Eileen Berger, Indian Trail Master Naturalist
Several weeks ago, during one of our unusual “cold fronts”, I noticed an e-mail invitation to take part in a “pop-up” canoe trip down the Trinity River. It was sponsored by Trinity River Audubon Center, also known as TRAC, in Dallas, to take place from 6:00 P.M. until 8:30 P.M. The weather forecast predicted temperatures in the 70’s, with a pretty good chance of rain. I actually own a canoe, but it is too heavy for me to handle by myself. I had always wanted to canoe down the river, but many things held me back, least of all the problem of how to get back to my car after the trip.
As a child, I helped my father build a wooden-frame canoe using plans from a 1940’s era Boy’s Life Magazine. Our family took the canoe to Belton Reservoir, and to creeks and rivers near our home in Temple, Texas. We would launch and paddle around the edge of the lake, or go for short distances in the Leon and Lampasas Rivers, but never so far that we would need a ride. So, although I know how to paddle and launch, I had never had a chance to actually go on a “canoe trip”.
The trip this evening was limited to 16 people. We gathered in a classroom to go over basic techniques, talk about what we might see, and pick out a personal flotation device (life jacket) that fit. All the equipment was provided by the Center, as well as transportation to the place we would enter the river. We all took one last bathroom break, gathered up our water bottles, applied insect repellant and headed to the new bus which TRAC had just acquired. After a short ride, we walked down a boat ramp to the canoes, which had been hauled on a trailer by one of our guides. Another TRAC employee who was not going on the trip then drove the truck and trailer back to the Audubon Center.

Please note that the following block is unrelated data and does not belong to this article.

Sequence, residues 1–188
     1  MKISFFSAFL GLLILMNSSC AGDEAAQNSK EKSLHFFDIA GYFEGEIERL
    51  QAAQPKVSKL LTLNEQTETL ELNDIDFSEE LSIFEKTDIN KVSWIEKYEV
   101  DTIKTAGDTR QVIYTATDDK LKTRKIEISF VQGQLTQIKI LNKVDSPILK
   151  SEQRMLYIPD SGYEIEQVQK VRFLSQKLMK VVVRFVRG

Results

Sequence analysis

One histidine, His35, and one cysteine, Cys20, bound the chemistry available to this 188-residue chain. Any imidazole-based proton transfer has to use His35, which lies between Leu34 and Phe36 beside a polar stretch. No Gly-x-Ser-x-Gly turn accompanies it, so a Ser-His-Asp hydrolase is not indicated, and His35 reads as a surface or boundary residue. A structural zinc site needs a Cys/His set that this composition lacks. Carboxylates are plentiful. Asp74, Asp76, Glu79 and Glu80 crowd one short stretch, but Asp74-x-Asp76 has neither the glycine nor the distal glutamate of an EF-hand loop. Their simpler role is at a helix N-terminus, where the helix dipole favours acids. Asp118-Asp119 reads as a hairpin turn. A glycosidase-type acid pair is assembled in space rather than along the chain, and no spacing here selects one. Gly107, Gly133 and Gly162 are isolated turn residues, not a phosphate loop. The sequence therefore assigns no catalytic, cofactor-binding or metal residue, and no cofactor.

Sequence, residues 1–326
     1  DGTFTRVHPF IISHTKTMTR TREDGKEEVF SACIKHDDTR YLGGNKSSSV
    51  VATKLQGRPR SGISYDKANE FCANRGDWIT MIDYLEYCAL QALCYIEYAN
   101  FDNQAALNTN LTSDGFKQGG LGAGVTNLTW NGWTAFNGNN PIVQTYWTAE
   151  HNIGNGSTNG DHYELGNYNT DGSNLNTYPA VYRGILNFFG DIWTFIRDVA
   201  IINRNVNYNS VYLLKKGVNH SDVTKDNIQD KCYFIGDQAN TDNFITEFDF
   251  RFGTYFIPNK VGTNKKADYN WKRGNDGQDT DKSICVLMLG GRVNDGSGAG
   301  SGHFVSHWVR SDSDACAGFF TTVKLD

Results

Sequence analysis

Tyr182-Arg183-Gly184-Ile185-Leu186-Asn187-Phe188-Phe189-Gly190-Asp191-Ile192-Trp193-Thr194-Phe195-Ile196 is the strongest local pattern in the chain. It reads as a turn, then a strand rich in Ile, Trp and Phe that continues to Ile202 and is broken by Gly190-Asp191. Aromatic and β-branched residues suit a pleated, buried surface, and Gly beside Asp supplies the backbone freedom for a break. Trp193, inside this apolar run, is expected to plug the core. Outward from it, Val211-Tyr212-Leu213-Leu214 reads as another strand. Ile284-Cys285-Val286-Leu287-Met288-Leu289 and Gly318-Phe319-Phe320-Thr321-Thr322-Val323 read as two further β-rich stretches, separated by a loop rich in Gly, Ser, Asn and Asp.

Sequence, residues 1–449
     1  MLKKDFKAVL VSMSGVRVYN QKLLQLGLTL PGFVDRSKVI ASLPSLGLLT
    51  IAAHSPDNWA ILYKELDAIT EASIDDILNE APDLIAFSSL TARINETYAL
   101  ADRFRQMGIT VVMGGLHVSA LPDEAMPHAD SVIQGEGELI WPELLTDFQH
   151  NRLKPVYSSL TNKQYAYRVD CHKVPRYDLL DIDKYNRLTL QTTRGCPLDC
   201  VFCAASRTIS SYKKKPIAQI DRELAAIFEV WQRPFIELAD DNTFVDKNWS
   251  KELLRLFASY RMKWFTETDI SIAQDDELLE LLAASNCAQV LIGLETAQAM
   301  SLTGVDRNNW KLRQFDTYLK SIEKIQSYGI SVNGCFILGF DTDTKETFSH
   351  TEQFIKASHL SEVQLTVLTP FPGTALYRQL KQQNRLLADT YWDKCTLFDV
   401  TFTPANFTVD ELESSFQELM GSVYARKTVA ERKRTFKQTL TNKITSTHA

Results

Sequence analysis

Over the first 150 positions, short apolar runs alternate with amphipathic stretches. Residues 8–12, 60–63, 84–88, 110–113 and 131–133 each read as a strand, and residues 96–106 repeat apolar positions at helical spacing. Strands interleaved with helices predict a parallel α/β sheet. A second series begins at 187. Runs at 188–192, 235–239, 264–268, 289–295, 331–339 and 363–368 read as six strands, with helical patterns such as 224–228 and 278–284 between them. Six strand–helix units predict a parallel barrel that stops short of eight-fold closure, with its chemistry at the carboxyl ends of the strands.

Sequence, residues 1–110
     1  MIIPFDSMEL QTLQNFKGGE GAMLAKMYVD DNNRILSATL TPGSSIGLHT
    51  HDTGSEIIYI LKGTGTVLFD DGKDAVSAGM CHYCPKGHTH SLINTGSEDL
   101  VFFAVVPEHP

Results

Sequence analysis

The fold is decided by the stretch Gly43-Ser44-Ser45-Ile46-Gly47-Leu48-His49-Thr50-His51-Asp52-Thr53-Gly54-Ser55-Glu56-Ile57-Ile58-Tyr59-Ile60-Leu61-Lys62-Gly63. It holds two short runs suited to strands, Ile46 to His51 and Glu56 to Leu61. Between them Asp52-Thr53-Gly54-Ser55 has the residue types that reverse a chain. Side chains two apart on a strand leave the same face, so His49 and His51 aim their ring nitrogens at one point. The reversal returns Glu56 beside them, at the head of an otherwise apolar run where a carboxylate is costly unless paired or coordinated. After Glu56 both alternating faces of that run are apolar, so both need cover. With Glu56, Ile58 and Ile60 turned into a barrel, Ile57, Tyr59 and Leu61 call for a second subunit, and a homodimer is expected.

We had already paired off in groups of two, and proceeded to board our canoes. Ben Jones, the director of TRAC and one of our guides, had jokingly reassured us that although we would get our feet wet, hopefully we would otherwise stay dry. He also told us that the water would be cleaner than we might expect. Thankfully we did not see any dead fish or other indicators of pollution, although we did see numerous large areas of litter, mostly Styrofoam and plastic. It also did not have any unpleasant odors.
The river was moving slowly so that we barely needed to paddle at all, other than to steer clear of a few tree trunks. We saw huge trees growing along the bank, and a few beavers, but no other animals. Friends who have traveled the river have reported seeing alligators. We did see tracks in the mud, probably made by raccoons. I also had expected to be bothered by mosquitoes, but did not see any. The trip down the river lasted about an hour and covered two miles. Luckily, our trip just missed being rained out, as it rained heavily later that night. The trip was something that I would never have had the courage or resources to do on my own, and I was glad I came. I highly recommend the experience to anyone wanting to safely explore our beautiful Trinity River.
Do you think nature should be part of our everyday life, not just somewhere to go on the weekends? You are invited to attend our free, open-to-the-public, monthly program on the fourth Monday of the month at 7 pm at the First United Methodist Church, 505 W. Marvin Avenue, Waxahachie, TX. For more information on the Indian Trail Master Naturalist Chapter, contact the Texas A&M AgriLife Extension Service at 972/825-5175 or visit our website: https://txmn.org/indiantrail/.